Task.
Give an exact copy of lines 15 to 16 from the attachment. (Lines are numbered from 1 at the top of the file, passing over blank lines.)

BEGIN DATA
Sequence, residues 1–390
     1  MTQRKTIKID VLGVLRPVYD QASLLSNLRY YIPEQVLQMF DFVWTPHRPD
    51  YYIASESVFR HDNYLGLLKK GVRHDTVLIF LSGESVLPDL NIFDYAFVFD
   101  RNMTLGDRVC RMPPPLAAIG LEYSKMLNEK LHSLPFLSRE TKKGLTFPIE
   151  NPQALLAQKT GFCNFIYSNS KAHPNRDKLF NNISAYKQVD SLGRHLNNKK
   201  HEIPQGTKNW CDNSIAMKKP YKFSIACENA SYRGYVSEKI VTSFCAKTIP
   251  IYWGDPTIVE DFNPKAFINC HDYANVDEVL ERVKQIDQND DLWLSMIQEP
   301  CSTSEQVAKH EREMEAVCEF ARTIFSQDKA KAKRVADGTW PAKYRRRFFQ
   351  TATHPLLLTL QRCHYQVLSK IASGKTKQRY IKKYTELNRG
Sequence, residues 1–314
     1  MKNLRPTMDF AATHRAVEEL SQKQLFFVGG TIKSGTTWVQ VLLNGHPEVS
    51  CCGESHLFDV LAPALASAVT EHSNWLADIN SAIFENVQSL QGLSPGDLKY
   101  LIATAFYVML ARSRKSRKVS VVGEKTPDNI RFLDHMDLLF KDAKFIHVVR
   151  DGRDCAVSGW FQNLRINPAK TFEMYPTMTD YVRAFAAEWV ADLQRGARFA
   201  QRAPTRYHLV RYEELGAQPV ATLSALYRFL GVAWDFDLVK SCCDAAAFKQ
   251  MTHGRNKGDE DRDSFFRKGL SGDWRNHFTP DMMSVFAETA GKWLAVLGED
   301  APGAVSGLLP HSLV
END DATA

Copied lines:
   201  QRAPTRYHLV RYEELGAQPV ATLSALYRFL GVAWDFDLVK SCCDAAAFKQ
   251  MTHGRNKGDE DRDSFFRKGL SGDWRNHFTP DMMSVFAETA GKWLAVLGED